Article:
Filed under BCS/Playoffs

Mama, I got ‘dem selection committee blues.

Somebody’s saying something that’s music to Kirby Smart’s ears ($$).

“People need to play good games and not worry that one loss to a formidable opponent ends that team’s chances of getting into the Playoff — or two losses.” said Oklahoma athletic director Joe Castiglione…

Sure thing, Joe.  I’m sure all those ADs who need the revenue from those home cupcake games are gonna jump all over your suggestion there and start loading up on non-conference home-and-homes (like Georgia is, admittedly).  Also, pay no attention to the fact that no two-loss team has made the CFP so far (although, admittedly again, that becomes more likely filling a 12-team field).

I will believe in this brave new world when Bill Hancock insists the committee won’t take it into account.  Just kidding… I think.

By the way, the article mentions that there is talk to expand the selection committee “to gain additional perspectives”.  I mean, why not?  It’s nice work, if you can get it.  Although they’re gonna need a bigger hat rack.


Filed under BCS/Playoffs

“Of course we’re going to lead with the Playoff.”

Aw, isn’t this cute?  The 800-pound gorilla in the room has concerns ($$).

“It’s time to take a little reset as far as we’re concerned,” said Lee Fitting, ESPN’s senior vice president of production overseeing college football. “Obviously, the Playoff needs to remain a priority A) for the sport and B) for business. But at the same time, I’m worried that we’ve gone a little too far away from what makes college football great — and that is that there is something in every game for the fans out there. It’s not just the top four, five, six or seven teams who are playing for something.”

“If we just become too much about Playoff and you lose one game, and we’re saying, ‘Forget about them, they lost the game. They’re out. They’re done,’” Fitting said. “I hate that. I don’t want to hear that. ‘If Penn State loses in September, they’re out. They’re done.’ I mean, they’re Penn State. They have an enormous national following. They’re a huge part of the fabric of college football. They’re not done. They may be out of the Playoff race today. But their games are still relevant to their fan base and in the conference. They are a big part of the sport. So how do we continue to cover them properly?”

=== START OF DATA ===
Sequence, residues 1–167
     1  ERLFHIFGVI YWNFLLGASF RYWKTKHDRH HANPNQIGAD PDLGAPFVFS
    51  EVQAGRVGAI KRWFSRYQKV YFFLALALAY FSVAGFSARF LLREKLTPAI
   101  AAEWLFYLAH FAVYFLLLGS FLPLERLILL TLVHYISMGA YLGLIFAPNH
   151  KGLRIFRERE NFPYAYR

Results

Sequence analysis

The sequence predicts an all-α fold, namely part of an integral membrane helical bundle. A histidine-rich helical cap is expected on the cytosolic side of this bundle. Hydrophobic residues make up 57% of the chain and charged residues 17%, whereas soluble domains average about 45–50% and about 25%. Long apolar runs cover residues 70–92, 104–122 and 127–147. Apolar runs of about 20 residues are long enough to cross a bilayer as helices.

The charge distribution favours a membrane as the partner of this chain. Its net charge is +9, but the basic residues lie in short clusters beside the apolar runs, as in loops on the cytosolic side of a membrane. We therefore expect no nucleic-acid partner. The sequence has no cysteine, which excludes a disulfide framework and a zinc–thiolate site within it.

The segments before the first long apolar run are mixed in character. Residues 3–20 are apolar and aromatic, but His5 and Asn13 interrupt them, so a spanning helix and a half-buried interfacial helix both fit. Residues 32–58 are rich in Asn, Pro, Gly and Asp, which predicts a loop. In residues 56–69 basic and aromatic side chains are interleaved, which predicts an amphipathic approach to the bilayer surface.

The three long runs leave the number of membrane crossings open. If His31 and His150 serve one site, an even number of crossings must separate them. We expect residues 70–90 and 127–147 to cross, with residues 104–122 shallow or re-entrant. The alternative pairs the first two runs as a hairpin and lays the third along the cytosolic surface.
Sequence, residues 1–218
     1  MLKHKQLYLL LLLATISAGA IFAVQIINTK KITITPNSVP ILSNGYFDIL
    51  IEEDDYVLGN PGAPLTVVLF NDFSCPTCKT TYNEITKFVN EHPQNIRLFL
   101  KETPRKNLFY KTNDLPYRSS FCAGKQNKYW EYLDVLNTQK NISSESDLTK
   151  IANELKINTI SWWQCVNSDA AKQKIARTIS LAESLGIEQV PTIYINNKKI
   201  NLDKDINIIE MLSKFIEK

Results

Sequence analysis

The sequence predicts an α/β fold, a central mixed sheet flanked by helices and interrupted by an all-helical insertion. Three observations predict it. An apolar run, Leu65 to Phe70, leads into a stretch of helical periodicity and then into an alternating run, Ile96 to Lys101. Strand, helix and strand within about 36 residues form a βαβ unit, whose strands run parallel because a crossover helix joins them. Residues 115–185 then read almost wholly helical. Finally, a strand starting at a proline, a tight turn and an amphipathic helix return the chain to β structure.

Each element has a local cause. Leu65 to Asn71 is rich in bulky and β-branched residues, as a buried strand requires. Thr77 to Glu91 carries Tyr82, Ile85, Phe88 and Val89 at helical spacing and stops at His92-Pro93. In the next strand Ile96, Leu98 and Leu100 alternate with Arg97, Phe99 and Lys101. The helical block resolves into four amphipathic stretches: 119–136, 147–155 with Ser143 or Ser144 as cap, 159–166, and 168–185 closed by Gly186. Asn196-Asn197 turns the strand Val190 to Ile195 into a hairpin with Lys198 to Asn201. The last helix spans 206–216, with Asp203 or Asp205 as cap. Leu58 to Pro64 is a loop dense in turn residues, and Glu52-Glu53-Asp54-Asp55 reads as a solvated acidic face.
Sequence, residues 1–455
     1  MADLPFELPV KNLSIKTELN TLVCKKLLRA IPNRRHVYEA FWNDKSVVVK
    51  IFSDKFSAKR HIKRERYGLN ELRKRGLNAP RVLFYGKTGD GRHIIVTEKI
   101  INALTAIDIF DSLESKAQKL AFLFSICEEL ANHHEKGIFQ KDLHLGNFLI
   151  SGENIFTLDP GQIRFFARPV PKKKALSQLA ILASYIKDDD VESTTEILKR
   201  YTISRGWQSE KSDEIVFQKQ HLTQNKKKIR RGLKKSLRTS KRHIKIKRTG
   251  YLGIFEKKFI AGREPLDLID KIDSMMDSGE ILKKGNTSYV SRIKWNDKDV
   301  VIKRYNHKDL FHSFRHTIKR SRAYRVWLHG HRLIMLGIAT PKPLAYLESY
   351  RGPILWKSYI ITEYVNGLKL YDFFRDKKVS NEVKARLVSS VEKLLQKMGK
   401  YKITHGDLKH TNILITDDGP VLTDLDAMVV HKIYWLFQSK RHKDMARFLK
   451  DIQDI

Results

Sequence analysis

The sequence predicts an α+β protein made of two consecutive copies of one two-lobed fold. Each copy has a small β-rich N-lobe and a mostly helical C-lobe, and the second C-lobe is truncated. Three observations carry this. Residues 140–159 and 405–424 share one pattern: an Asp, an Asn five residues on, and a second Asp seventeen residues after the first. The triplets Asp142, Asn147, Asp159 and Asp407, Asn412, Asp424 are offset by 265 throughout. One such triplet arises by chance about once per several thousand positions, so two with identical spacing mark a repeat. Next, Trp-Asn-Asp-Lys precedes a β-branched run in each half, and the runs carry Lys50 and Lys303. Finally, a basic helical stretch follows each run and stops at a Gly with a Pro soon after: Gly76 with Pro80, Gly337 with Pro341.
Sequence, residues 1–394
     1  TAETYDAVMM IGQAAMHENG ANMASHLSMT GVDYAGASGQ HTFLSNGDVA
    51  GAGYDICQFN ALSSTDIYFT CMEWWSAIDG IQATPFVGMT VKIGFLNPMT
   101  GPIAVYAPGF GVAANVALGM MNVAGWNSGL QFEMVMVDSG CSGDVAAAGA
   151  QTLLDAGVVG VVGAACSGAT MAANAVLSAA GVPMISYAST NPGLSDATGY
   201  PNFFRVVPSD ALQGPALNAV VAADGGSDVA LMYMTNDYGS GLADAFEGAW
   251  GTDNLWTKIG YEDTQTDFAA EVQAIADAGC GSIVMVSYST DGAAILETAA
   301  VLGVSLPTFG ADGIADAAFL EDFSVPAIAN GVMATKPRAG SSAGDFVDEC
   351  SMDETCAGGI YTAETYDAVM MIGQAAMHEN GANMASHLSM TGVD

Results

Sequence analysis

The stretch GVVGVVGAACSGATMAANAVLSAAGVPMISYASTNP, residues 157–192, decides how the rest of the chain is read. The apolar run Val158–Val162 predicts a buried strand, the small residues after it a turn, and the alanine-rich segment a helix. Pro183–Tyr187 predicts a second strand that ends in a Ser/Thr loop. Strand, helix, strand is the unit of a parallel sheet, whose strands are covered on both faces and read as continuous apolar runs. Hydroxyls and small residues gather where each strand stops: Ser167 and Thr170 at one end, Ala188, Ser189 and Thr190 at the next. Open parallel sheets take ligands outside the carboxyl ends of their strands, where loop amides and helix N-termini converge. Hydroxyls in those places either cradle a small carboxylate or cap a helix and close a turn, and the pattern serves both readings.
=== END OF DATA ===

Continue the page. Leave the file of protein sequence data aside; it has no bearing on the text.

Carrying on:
Gosh, however did that happen?

But first, [ESPN’s College GameDay] would talk about the College Football Playoff. Ohio State’s first mention came 40 seconds into the broadcast, with Clemson following just after the minute mark. Features and discussions regarding Alabama, Clemson, Ohio State and Notre Dame — the four teams that would make the Playoff in 2020 — combined for more than 45 minutes of the three-hour broadcast. When Jimbo Fisher popped on the screen for a pregame interview leading into Texas A&M’s game against Auburn, the first question posed to the Aggies’ head coach was about his fifth-ranked team’s Playoff positioning. The word “Playoff” appeared in a closed-captioning transcript of the episode (provided by college football archivist Tim Burke) 27 times. Only the championship weekend edition of GameDay on Dec. 19 had more Playoff mentions (35).

These people are so full of shit.


Filed under BCS/Playoffs, ESPN Is The Devil


So, here’s something.